The effect of divorce on children is hardly a new theme, either in literature or on film, but Noah Baumbach gives it a fresh take in “The Squid and the Whale,” a literate, sharply-observed film that juggles tragic and comedic elements to achieve a wonderfully distinctive tone. The title refers to an exhibit in a New York museum in which the two giants of the sea are locked in a death struggle, and when the older of two brothers whose parents suddenly announce their intention to split confesses how it terrified him as a boy, he’s actually admitting how the battle between his mother and father is sending him and his sibling into a state of shock and fear of the future. The film portrays the ways in which the youngsters try to cope with what’s clearly a devastating situation, though often in very destructive ways, while also showing how the parents attempt to deal with their new lives and provide support to their children, however ineptly. In doing so the film proves both hilarious and poignant, sometimes within the space of a single moment.
The story, set in the not-so-distant past (1986) and a very specific environment (the Park Slope area of Brooklyn)–the very time and place where Baumbach himself grew up–is, on the surface, a very simple one. Bernard Berkman (Jeff Daniels) is a once-successful novelist now teaching creative writing at a local college; his wife Joan (Laura Linney), by contrast, is a writer on the cusp of a successful career. The tension between them leads to a decision to divorce–something that causes understandable turmoil in sixteen-year old Walt (Jesse Eisenberg) and twelve-year old Frank (Owen Kline). The parents’ efforts to divide custody of the boys amicably is complicated by Joan’s taking up with Frank’s tennis instructor Ivan (William Baldwin) and Bernard’s taking in one of his students, the voluptuous Lili (Anna Paquin), as a housemate. And the boys are torn in their loyalties, with Frank preferring the stability of life with his mother and Walt unable to forgive what he perceives as Joan’s betrayal of the father whom he idolizes.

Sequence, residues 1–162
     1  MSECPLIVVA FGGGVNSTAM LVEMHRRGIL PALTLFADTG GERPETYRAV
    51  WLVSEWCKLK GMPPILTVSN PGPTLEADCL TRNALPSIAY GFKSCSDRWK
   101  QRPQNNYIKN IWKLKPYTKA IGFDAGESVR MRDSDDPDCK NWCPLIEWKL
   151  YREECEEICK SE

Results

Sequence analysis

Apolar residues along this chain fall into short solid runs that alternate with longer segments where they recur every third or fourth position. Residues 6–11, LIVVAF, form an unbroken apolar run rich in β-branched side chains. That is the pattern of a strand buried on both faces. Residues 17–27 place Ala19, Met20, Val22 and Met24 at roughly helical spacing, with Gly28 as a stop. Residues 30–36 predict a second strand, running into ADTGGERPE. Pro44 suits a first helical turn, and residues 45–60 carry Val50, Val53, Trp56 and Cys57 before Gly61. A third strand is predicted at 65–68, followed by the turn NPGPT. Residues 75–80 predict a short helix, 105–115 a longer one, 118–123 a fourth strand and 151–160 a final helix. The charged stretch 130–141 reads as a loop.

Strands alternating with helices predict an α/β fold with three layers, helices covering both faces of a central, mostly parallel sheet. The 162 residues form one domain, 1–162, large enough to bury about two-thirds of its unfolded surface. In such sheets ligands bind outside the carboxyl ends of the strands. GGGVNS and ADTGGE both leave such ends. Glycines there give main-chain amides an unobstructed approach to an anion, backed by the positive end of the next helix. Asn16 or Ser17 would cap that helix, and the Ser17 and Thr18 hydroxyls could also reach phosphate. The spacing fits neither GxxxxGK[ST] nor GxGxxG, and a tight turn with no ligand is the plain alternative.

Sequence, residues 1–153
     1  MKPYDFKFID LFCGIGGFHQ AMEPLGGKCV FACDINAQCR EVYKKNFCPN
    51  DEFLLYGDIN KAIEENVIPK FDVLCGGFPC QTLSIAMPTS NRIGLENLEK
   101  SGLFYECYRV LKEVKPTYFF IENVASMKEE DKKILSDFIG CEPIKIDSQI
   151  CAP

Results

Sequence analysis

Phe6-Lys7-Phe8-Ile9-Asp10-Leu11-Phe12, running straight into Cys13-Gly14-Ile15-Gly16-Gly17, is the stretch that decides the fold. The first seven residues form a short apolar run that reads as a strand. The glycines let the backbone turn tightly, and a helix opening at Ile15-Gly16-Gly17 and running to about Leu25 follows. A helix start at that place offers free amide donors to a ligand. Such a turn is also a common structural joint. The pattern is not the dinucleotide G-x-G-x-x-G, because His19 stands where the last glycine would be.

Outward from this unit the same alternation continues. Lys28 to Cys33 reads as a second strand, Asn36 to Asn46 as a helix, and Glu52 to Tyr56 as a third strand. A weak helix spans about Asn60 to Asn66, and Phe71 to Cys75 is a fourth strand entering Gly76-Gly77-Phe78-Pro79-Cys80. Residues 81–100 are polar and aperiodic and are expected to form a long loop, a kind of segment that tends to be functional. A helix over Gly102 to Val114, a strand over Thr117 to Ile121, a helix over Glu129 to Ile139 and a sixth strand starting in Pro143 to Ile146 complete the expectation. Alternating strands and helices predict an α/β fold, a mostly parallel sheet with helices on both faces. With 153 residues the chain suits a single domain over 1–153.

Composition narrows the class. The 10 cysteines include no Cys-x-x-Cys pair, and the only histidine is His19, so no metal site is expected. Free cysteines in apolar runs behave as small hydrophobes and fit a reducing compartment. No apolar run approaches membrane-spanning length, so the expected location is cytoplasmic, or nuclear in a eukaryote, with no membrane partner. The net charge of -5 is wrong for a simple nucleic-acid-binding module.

This description might make the film sound like a typical Lifetime domestic drama, but it’s far from that. Baumbach creates lead characters of richness and depth, giving them credible shadings of light and darkness, and he fashions their specific world of frayed academia with exquisite care. Both of the Berkman parents are deeply narcissistic figures, oblivious to how much they’re hurting one another and self-absorbed even when they try to connect with their children. Bernard, beautifully played with a mixture of pompous arrogance and extravagant self-pity by Daniels, is a man who superciliously looks down on everyone, even in his ludicrously pedantic pronouncements on authors like Dickens and Fitzgerald (and his own wife); and while he tries to bond with his sons, he can’t help but use even them as targets of his pathetic need to exhibit his own wounded sense of superiority. Linney’s Joan isn’t as memorable, but the actress seizes upon the opportunities the part affords to make her recognizably human and flawed. Eisenberg follows up his turn in “Roger Dodger” with one that’s even sharper, though far less appealing. Walt is as smugly opinionated and judgmental as his father; the problem is that his views are simply borrowed from Bernard. The emptiness of the result is demonstrated not only in his attempt to pass off a Pink Floyd song as his own in a school talent show (he dismisses the charge that it’s plagiarism by saying that he feels he could have written it, so it’s essentially his) but in his ineptitude dealing with pretty classmate Sophie(Halley Feiffer)–whom Bernard, trying to act the worldly stud, actually suggests he treat cavalierly. And Owen Kline is touching as the troubled younger son whose emotional torment finds expression in a most unusual practice. While neither Paquin and Baldwin have parts with anywhere near the complexity of these, Baumbaum has given each of them more limited but very real opportunities to shine, and they seize them wonderfully: Paquin makes a marvelously seductive Lolita, while Baldwin outdoes even Keanu Reeves in painting a figure of slightly dazed mellowness.
There’s great dramatic perception and honesty in “The Squid and the Whale,” but it’s also pointedly satiric and funny. It’s that mixture of the wrenching and the comic that makes it so remarkable. This is a surprisingly rich, powerful–and sharply humorous–treatment of a familiar subject. It just goes to show that if approached with a fresh eye, even the oldest of formulas can be made new. As Bernard might opine, this movie is the filet of pictures about family breakups.